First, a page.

"Albania is out of the 'international art system' and we cannot be optimistic about the future or about 'representation' on the world map and international agendas. Budgets for artists keep shrinking more and more."

Ardian Isufi, Professor at the University of Arts.

But this support is not happening quickly enough according to most artists. Pepa has almost lost hope of getting his works purchased in these occasional public competitions.

The lack of commissions and of space to exhibit is not the only problem that artists in Albania face.

No contemporary art museum in Albania exists to focus on presenting the achievements of the younger generation of artists.

The ministry says there is not enough cash in the budget to build a contemporary arts museum. In the meantime, it offers alternative centres, galleries such as the National Art Gallery, revitalized industrial heritage and events held in the open.

Sculptors have to become plain workers:

When the communist regime fell, many thought that life would become beautiful. However, they were wrong. It is still very difficult. Capitalism is not a field full of flowers - everything is business. Art comes last.”

Andi Tepelena, artist

The destiny of a sculptor in Albania is no different to that of any other artists, but Pepa sees it as a more difficult because it costs more money to produce sculptures, while there is nowhere to exhibit or sell them.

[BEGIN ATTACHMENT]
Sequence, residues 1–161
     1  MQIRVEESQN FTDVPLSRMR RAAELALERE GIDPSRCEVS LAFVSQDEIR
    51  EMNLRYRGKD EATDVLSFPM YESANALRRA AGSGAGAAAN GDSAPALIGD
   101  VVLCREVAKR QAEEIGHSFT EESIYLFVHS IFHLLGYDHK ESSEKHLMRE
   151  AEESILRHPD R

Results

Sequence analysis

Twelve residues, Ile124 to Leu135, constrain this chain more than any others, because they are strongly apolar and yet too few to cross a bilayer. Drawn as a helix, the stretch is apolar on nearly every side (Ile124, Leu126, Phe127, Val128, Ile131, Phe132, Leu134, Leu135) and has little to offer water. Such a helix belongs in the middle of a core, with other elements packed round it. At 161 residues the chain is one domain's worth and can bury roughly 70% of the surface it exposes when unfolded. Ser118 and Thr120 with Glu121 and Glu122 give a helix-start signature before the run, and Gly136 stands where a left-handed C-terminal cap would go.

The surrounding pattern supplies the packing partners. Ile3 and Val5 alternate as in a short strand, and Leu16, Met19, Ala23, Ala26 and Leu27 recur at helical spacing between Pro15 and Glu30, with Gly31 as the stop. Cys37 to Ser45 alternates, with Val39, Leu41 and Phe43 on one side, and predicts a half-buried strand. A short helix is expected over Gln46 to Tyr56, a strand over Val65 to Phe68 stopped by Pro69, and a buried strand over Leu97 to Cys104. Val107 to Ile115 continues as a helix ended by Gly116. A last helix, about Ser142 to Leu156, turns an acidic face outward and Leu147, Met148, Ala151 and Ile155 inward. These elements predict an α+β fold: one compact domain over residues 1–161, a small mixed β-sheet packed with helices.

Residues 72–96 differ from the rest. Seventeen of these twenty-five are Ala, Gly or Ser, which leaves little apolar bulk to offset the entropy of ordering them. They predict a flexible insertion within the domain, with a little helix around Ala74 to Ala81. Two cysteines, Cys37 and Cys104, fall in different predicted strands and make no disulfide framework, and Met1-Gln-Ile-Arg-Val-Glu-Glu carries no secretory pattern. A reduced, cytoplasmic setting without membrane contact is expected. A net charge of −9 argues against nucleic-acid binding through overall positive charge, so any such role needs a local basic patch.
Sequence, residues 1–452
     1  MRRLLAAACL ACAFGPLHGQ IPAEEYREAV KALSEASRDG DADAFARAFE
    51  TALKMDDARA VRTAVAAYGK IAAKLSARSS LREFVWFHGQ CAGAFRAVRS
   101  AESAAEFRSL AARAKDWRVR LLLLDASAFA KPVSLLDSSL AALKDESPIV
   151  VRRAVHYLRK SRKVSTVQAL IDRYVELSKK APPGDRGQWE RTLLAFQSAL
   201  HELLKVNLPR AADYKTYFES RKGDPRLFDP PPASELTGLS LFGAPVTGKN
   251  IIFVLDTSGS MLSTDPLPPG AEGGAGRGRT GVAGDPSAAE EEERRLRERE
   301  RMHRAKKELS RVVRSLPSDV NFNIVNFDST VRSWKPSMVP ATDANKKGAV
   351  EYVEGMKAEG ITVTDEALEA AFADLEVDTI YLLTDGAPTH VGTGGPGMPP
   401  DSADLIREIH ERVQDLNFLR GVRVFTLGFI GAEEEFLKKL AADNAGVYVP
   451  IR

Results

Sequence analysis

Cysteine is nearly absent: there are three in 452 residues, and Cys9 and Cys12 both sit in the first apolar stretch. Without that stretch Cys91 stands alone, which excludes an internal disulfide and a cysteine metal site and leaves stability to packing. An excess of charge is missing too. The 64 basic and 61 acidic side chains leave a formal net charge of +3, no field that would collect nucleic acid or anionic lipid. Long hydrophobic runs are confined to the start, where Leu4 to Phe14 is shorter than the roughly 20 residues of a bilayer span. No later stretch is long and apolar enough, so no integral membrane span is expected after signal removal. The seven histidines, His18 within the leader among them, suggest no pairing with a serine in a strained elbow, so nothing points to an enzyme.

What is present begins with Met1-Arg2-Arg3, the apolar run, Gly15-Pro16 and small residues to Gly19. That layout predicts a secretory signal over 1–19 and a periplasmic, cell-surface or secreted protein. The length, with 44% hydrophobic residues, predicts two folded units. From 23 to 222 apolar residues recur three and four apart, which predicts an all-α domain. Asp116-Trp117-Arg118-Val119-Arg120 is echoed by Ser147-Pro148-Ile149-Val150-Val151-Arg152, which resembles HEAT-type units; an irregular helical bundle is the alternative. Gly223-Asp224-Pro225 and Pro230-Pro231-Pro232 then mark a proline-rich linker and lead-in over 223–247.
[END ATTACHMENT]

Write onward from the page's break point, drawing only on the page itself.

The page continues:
The skill that he obtained from the academy where his teachers were familiar names, sculptors with titles like "Master of Labour", and his reputation of a good student have got him nowhere.

“I was fortunate to work since I was a student. Now, I create pre-ordered artworks for which I get paid. I work for businessmen who want sculptures for hotels, houses, bars and restaurants, or in other cases I decorate tombs,” he says.

 

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Albania offers few opportunities for artists to grow, the director of the National Gallery of Art, Artan Shabani, agrees.

“We have a weak art scene because we do not have many structures that promote contemporary art. We don’t have a network for contemporary art, or even a museum,” he says.

Artists that BIRN talked to also claimed that the Culture Ministry makes no real effort to promote contemporary art.

There is no space for artist to express their ideas and no audience because the lack of activities in this field makes the concept of contemporary art foreign to most Albanians.

The painter Helidon Gjergji left Albania in the 1990s and now lives in the US.